But they're not the only ones thinking about the coronavirus. Kids are listening and asking questions, too. Oftentimes, they ask the questions that adults are too embarrassed to ask. We've heard from a bunch of you and I hope I can help you understand what's going on right now.
I'm Dr. Sanjay Gupta, CNN's Chief Medical Correspondent. And this is "Coronavirus: Fact vs. Fiction."
I wish I could tell you I knew exactly when you could go back to having playdates and learning from your teachers in person, but there's just no answer to that yet. That's one of the hardest things about life during this time -- not having answers.
But I've gotten some amazing questions from you, and I'm going to try and answer them the best I can. I've also brought in my friend Carl Azuz -- many of you probably know him as the anchor of CNN10 in classrooms across the country.
Carl Azuz (on CNN10): We know what it's doing, we know where it's spreading, but where did Covid-19 come from? That's the first thing we're looking at today on CNN10 and we're happy to have you along for the hunt.
Gupta: Hey Carl!
Azuz: Sanjay, it's always a pleasure to work with you. Thank you for thinking of me.
Gupta: So, let's jump right in. Our first question comes from Micah in Maryland.
Micah: I wonder where the coronavirus came from. If it was from bats, how did it change or mutate? Thank you, stay well.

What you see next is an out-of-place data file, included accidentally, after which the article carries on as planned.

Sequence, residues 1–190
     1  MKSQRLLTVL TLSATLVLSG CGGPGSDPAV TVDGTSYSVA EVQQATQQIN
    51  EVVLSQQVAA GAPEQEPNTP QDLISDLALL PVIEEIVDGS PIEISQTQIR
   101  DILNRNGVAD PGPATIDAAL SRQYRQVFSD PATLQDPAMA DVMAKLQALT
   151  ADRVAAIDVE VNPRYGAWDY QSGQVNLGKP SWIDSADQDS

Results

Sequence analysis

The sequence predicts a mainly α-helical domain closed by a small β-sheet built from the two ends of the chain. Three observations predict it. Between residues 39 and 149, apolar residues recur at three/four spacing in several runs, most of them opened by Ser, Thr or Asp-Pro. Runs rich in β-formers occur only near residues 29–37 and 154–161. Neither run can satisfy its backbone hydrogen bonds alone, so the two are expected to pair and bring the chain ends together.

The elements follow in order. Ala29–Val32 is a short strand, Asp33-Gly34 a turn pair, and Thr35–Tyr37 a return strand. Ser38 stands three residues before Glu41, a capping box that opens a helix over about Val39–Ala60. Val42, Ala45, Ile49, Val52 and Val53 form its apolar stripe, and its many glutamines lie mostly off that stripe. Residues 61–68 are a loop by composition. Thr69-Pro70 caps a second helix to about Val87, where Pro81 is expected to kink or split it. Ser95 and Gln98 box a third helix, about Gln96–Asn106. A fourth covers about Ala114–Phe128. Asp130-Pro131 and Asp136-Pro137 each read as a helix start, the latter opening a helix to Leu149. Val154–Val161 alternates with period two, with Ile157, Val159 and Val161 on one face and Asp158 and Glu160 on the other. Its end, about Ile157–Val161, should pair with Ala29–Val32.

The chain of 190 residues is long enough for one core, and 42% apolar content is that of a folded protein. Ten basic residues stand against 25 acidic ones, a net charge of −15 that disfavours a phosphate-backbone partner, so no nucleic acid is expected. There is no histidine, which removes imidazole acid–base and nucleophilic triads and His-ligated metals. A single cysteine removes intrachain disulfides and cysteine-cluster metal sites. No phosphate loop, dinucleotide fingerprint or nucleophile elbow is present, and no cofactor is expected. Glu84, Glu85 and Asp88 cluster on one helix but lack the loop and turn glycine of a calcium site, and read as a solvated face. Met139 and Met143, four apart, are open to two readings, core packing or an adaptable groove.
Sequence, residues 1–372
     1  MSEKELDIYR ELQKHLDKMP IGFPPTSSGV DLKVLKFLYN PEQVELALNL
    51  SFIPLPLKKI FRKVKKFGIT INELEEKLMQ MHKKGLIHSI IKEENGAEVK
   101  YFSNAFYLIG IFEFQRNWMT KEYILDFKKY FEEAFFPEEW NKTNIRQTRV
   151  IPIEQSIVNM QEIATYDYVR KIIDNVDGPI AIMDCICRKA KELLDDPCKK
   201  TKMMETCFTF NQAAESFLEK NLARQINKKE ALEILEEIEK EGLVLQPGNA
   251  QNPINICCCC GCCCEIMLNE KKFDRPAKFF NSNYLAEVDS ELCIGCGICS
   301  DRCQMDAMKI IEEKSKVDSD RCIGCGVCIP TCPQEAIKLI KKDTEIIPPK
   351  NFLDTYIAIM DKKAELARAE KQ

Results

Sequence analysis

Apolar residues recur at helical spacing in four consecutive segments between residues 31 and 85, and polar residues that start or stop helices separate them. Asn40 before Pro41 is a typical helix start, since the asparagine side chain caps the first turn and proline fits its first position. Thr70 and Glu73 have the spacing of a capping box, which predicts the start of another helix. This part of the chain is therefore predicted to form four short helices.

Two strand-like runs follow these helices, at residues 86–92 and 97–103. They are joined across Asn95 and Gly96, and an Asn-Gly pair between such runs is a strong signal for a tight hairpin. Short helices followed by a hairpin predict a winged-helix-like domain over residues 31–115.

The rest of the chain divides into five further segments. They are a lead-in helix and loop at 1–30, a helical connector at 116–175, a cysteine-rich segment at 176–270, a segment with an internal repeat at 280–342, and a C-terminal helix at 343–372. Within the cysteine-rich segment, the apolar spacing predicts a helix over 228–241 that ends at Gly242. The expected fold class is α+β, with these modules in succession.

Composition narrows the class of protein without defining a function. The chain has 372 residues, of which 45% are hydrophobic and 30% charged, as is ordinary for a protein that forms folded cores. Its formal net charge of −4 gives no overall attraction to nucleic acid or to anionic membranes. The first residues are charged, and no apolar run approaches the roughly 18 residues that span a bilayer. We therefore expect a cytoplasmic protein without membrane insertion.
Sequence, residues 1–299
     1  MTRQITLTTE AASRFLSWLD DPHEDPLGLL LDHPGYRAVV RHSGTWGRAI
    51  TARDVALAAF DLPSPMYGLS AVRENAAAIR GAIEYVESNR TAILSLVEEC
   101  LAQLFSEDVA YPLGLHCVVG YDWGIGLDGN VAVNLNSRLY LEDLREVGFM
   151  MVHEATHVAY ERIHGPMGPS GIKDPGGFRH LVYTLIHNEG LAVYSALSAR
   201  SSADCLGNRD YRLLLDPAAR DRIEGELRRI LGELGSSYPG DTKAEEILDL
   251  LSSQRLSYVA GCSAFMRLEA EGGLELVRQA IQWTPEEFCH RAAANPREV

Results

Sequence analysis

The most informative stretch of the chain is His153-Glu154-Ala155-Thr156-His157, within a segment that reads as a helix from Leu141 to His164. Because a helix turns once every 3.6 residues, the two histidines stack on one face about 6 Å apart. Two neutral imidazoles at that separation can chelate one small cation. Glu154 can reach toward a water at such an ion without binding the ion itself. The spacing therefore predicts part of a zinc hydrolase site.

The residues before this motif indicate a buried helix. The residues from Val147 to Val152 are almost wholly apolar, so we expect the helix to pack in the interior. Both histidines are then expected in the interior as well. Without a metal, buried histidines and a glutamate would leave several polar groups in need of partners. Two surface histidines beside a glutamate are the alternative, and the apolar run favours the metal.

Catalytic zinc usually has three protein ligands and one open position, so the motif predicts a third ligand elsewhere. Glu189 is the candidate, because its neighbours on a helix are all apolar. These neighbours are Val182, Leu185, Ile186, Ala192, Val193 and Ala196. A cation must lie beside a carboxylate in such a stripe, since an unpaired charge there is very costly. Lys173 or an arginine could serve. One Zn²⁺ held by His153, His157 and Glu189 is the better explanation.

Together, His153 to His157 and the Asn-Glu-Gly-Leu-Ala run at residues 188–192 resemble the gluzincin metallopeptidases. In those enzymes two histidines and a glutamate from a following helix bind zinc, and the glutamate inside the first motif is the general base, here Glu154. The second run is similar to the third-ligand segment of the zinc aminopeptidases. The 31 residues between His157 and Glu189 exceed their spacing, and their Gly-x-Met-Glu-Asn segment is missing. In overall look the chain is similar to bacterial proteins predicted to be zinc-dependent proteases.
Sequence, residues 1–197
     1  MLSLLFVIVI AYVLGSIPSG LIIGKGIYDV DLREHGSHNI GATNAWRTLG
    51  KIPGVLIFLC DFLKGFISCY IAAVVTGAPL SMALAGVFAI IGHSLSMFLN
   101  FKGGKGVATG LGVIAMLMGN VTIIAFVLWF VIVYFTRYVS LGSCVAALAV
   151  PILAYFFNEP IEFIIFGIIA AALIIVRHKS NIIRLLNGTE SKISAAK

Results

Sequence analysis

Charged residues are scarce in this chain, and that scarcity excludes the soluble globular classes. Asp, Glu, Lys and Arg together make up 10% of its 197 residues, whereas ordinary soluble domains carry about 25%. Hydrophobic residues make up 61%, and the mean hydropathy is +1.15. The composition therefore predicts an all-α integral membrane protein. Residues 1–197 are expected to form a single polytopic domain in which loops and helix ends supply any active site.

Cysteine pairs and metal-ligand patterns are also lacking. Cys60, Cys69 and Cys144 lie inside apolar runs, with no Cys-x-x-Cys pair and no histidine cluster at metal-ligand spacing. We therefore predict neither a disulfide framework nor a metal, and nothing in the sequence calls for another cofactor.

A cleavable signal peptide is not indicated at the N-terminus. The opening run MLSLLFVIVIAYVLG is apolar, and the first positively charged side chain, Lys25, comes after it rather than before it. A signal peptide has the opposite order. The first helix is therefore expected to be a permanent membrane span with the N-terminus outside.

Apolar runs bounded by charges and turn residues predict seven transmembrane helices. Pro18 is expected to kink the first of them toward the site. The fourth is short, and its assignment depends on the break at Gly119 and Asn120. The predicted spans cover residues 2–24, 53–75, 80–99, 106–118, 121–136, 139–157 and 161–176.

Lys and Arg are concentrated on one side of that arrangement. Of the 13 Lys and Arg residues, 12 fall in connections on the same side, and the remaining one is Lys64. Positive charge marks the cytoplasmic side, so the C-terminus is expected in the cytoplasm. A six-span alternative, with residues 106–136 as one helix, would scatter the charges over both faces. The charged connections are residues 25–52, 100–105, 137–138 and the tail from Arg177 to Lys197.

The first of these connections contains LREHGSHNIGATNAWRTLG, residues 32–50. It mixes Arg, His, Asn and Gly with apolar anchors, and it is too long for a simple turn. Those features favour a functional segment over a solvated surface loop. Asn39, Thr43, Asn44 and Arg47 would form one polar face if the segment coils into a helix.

Gupta: Thanks, Micah. Scientists do think that this coronavirus did come from bats in China. What we're not entirely sure about is exactly how it got into humans. It could be that the bat made another animal sick and then that animal got a human sick. Or it could be that it spread directly from bats to humans. It is also possible that the bats were studied in a lab and that the virus spread to humans that way. We just don't know yet. Next we have a question from PJ in Florida.
PJ: Will we have to wear masks in public forever? Thank you.
Azuz: I have good news for you, PJ. No, we are not going to have to wear masks in public forever, although some people might think they're pretty fashionable and want to keep it going. That's the good news. The bad news is we don't know when we'll be able to take them off.
Gupta: That's right, Carl. And I think it's also important to remember that when you wear a mask, it's to help protect other people from you. It makes it less likely that you can spread the germs from you to somebody else. Remember, even if you're not sick, even if you're not coughing or sneezing, if you have the virus inside your body, you could possibly spread it to others. A mask helps prevent you from doing that.
Azuz: Alright, Sachin is in New York City with our next question.
Sachin: What do the germs look like? What do the germs feel like when you have them?
Azuz: Sachin, I have no idea what germs look like. I think Dr. Sanjay Gupta might be the best person to answer that one.